October 04, 2018
A. General Notice Issues for Claims
Notice clauses in construction contracts are an extremely important consideration for all of the contraction professionals included on a project. Notice clauses are intended to provide the owner, general contractor, subcontractor or design professional with information associated with changes to the construction project, claims for additional contract time or contract cost, differing site conditions, extra work, events that may affect contract performance as well as notice prior to a party taking action with respect to contract termination or supplementing the workforce of a contractor. A typical notice clause with respect to claims and disputes is as contained in the AIA A201-2007 at Paragraph § 15.1.2. That section states as follows:
§ 15.1.2 NOTICE OF CLAIMS. Claims by either the Owner or
Contractor must be initiated by written notice to the other party and to the
Initial Decision Maker with a copy sent to the Architect, if the Architect is
not serving as the Initial Decision Maker. Claims by either party must be
initiated within 21 days after occurrence of the event giving rise to such
Claim or within 21 days after the claimant first recognizes the condition
giving rise to the Claim, whichever is later.
This is just one of many specific clauses in the AIA A201-2007 document referring to notice. In fact, the index to the AIA A201-2007 document contains more than 19 references to the term "written notice" relating to the various events which might occur during a construction project. The form also then references specific requirement for both claims for cost and claims for time.
§ 15.1.4 CLAIMS FOR ADDITIONAL COST. If the Contractor wishes
to make a Claim for an increase in the Contract Sum, written notice as
provided herein shall be given before proceeding to execute the Work.
Prior notice is not required for Claims relating to an emergency
endangering life or property arising under Section 10.4.
§ 15.1.5 CLAIMS FOR ADDITIONAL TIME
§ 188.8.131.52 If the Contractor wishes to make a claim for an increase in the
Contract Time, written notice as provided herein shall be given. The
Contractor's Claim shall include an estimate of cost and of probable effect
of delay on progress of the Work. In the case of a continuing delay, only
one Claim is necessary.
A notice provision provides the construction professional with two distinct elements which are essential for it to manage its project. The notice provision provides the construction professional with information that an event has occurred which may change the contract requirements and will, therefore, affect the project. The second aspect is that the notice provision may provide the owner, general contractor, subcontractor or design professional with knowledge that another party with whom it is contracting will seek additional time or money as a result of events which have occurred on the project. This second aspect of all notice provisions allows the party that may be responsible for additional costs or a delay to the project to participate in the decision as to how best to approach whatever circumstances are changing in the construction process.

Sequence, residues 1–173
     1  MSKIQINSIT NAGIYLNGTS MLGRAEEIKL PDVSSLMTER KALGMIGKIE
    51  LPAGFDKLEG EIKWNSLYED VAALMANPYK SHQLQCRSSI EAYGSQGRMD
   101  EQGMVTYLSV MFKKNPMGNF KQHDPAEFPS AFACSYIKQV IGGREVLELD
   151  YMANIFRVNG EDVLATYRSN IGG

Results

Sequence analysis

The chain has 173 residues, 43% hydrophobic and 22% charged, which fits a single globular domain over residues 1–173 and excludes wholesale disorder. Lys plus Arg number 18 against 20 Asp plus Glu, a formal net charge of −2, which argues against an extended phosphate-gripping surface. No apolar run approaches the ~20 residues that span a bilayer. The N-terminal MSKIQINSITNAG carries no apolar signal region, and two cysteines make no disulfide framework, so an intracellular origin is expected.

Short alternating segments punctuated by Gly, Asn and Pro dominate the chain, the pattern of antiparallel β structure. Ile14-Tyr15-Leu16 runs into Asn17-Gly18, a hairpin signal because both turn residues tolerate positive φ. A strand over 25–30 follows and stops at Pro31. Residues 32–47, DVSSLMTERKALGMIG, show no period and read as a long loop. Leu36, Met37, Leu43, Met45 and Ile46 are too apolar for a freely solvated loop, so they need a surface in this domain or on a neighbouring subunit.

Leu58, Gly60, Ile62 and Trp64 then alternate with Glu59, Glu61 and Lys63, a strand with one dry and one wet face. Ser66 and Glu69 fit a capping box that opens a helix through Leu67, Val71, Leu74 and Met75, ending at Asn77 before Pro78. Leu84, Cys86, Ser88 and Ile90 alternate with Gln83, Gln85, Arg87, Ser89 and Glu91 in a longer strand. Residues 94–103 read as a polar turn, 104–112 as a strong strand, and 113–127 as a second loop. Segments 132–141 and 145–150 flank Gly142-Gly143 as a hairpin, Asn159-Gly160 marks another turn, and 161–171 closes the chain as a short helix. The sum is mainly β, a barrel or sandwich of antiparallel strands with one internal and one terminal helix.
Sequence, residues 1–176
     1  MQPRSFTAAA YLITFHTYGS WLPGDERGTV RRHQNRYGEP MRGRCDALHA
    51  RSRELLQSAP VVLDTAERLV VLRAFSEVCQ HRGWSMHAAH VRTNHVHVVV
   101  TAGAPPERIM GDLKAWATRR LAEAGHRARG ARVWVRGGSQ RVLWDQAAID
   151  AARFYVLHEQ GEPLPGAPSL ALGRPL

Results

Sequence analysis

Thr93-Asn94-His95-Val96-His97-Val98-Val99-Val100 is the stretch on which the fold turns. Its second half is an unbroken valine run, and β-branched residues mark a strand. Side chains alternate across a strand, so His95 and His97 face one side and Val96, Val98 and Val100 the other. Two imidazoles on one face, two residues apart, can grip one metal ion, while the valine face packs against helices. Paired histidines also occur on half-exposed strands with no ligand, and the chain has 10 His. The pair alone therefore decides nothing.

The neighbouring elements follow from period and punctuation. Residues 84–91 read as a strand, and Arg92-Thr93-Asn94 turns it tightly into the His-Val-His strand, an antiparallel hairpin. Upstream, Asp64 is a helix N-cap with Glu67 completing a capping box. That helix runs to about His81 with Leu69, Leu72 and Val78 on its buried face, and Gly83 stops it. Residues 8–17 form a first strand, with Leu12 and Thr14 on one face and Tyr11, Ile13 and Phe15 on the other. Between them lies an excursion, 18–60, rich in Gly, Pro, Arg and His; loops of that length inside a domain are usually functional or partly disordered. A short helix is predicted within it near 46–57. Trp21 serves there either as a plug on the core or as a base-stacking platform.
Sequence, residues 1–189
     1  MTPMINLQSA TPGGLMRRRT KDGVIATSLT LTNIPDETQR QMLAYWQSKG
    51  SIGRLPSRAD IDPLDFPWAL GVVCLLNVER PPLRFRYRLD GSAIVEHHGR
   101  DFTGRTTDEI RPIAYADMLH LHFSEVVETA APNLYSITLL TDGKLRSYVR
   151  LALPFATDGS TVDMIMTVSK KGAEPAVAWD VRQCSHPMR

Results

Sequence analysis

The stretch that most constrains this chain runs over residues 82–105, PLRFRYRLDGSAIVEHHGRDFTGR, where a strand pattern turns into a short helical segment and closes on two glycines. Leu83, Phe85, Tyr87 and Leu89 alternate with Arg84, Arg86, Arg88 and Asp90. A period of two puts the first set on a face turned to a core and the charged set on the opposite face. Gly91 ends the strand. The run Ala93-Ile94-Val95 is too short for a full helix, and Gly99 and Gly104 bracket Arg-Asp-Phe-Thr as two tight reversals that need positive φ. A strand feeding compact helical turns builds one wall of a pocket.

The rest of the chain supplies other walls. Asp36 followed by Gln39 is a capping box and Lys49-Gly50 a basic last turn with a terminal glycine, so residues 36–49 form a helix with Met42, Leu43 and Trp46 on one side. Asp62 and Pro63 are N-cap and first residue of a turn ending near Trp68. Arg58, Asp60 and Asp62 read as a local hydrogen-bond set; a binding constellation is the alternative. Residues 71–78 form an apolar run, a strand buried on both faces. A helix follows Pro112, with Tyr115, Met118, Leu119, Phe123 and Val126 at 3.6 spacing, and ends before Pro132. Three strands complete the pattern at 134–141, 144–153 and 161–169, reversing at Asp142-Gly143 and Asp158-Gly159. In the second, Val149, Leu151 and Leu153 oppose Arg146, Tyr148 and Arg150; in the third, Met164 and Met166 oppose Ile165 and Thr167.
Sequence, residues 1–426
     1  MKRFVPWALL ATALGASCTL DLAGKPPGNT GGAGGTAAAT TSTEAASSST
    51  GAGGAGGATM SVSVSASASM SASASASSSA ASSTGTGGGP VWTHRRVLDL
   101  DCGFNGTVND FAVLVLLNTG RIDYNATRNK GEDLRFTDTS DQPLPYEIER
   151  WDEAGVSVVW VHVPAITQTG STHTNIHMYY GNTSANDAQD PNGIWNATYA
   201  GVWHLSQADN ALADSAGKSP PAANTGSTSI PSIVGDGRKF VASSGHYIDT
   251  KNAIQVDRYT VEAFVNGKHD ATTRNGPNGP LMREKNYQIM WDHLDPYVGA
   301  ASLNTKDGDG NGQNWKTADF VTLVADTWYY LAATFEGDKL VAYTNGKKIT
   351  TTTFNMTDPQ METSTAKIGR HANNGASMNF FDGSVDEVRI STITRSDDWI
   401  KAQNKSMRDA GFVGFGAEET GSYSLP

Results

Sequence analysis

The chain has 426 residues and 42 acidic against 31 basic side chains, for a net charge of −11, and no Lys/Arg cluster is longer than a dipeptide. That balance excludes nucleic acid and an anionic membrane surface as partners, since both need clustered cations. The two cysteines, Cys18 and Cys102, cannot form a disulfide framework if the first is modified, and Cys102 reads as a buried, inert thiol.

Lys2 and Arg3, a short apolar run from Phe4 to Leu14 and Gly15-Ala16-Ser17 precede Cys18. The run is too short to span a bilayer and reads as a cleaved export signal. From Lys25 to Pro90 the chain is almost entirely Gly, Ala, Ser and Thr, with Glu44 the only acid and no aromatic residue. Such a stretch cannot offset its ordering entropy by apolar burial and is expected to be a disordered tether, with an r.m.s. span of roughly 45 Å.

Often times, a subcontractor or general contractor will argue that the owner knew of the event which may result in changes to the contract thereby minimizing the need for a formal written notice. It is, however, a much different analysis for the owner or contractor to know that a change event has occurred and is simply going to change the method by which the project will proceed or that a change has occurred and one of the parties will be seeking additional money or additional time. Differing site conditions is a prime example since a differing site condition may be something that a contractor will simply deal with using a different piece of equipment or method or it may be something that the owner will need to address in revised plans and specifications. To the same extent in instances of contract termination or a decision to supplement a contractor's work force, a formal written notice distinguishes between the mountain of paperwork exchanged between the parties relating to the day to day matters which need to be addressed by the various construction entities versus a clear understanding that unless a party takes immediate action, the contract relationship may end or a contracting party may be asked to be responsible for significant additional costs which will be incurred by the party providing notice.